Sunday, November 21, 2010
I just listened to Vivaldi's "Winter" and it was so good that I'm wanting it to not end. I want to hear it again and somehow be in the middle of the orchestra. Why don't I hear music in that way all the time? My husband does.
I think I don't take the time to really listen to the music and in the moments when it really reaches out and grabs me it takes me by surprise. Some Christmas songs are like that for me, "I Wonder as I Wander" having always had that effect. The first time I heard it was when a classmate sang it at a school concert in high school. She sang it acappella and from the first hearing it gripped my soul. Since then my favorite Christmas songs have always been unusual and not often heard ones. Maybe the ones we hear all the time are the ones we quit hearing first. Too much repetition robs them of their beauty perhaps--the old despising the familiar.
When my children brought home their Christmas song books from school, I was thrilled to see "The Wexford Carol" included. It's another favorite, but one I learned on my own. "In the Bleak Midwinter," "Gabriel's Message" (Sting's version is haunting, but he changes the words to present a different message than the Bible; the best one I've heard is on a CD from Our Daily Bread), "Love Came Down at Christmas" (not the Jars of Clay version, btw), and "Jesu, Joy of Man's Desiring" are other favorites. I know I'm missing others, and at different times more standard songs have been more esteemed. But these are the ones that touch deeper than my emotions in the last few years. These are the ones that reach my soul.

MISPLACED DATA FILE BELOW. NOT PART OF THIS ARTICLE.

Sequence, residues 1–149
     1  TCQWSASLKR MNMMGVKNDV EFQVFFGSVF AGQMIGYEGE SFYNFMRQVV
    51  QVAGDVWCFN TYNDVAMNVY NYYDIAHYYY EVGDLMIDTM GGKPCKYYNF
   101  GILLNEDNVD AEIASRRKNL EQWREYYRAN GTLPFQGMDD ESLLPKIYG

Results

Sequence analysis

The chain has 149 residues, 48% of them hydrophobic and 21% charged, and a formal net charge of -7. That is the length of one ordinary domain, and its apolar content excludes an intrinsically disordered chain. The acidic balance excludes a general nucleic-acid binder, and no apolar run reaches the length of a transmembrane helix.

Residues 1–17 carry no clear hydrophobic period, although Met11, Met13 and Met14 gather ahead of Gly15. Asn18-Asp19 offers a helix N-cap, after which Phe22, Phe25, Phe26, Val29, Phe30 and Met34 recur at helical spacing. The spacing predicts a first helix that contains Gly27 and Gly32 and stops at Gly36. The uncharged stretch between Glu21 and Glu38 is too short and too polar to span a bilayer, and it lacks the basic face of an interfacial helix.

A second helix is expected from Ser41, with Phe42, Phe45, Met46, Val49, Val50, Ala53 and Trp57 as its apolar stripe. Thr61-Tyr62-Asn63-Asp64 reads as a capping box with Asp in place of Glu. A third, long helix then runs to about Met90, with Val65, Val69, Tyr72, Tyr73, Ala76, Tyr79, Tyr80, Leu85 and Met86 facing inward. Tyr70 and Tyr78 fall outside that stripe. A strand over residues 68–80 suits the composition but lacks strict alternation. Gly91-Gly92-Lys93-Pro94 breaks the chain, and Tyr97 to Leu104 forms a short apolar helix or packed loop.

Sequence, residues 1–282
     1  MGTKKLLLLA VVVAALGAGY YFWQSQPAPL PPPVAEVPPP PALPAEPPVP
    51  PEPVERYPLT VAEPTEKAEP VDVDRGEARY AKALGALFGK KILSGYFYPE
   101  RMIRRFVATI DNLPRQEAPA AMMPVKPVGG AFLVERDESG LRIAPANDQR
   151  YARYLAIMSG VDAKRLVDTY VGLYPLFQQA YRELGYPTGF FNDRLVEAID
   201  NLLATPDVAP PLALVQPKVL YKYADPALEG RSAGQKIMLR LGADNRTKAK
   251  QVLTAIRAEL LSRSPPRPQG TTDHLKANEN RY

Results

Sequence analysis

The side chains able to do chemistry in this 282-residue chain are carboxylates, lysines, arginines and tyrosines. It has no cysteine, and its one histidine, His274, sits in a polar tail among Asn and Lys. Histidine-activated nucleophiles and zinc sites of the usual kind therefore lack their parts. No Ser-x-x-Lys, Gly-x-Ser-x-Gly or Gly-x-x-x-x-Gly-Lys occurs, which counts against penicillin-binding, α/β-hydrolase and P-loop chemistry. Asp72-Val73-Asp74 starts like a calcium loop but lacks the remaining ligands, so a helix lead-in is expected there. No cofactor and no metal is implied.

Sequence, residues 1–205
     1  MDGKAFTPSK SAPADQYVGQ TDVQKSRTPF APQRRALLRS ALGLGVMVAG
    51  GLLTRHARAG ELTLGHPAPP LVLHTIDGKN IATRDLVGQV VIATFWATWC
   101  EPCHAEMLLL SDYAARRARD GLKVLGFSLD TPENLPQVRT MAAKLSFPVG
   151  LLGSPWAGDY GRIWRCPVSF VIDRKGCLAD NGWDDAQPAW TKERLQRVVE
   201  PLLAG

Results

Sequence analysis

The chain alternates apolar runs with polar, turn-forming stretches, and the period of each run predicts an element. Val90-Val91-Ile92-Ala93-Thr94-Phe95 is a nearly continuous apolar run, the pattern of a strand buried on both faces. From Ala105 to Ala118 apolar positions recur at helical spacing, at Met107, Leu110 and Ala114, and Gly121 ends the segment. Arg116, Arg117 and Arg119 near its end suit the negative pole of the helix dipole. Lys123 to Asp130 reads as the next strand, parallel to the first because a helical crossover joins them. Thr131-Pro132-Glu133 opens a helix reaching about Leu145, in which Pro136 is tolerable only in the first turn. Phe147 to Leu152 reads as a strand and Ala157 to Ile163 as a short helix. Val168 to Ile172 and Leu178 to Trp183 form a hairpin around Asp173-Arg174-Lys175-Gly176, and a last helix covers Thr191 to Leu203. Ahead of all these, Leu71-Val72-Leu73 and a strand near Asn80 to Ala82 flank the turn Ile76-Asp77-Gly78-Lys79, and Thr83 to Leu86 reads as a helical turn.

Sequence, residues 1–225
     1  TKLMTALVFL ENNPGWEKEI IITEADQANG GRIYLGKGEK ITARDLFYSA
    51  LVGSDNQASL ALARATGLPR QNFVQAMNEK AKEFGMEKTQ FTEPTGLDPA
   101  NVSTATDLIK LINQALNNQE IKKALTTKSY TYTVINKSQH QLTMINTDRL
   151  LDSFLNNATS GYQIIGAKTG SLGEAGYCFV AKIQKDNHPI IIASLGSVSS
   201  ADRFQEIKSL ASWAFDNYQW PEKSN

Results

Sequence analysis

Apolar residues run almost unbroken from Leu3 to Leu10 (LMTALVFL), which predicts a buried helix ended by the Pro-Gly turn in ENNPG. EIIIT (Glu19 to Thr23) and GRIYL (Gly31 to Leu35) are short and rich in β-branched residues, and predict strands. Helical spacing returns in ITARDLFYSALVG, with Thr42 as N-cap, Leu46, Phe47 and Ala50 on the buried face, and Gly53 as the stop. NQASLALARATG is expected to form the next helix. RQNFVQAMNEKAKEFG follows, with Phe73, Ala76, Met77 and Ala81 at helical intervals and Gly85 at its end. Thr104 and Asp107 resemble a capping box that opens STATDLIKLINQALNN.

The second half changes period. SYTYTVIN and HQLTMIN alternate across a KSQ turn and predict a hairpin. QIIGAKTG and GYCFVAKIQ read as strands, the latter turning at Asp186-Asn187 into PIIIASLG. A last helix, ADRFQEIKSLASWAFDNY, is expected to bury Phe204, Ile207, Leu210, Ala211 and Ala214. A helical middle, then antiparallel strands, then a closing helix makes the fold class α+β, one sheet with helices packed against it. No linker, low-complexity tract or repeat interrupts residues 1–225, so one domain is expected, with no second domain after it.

I realize, now that I've written these words, that it isn't quite Thanksgiving yet. For the first time in a long while I suppose I am feeling very ready for rejoicing. I'm not sure why. The last three years have brought enough challenges to make me feel like I have walked through a fiery place moved to the top of earth's crust (unemployment, finances, health scares, multiple deaths, constant car troubles, work challenges and on and on--I'll spare you the details; chances are you can just fill in your own name and the story would sound similar, times are hard for everyone). Even though we are still in the midst of the journey, though, I still feel ready for rejoicing. Maybe reading Lewis's "Till We Have Faces" and the ending of the book of Job have reminded me that in the end of all the pain, when we have questioned the most, that God Himself, the very one we question, is the answer. And this is the time of year we celebrate His coming.
I'm not ready to say I know my own face, but I am ready to rejoice.
Opening image by Sir Edward Burne-Jones.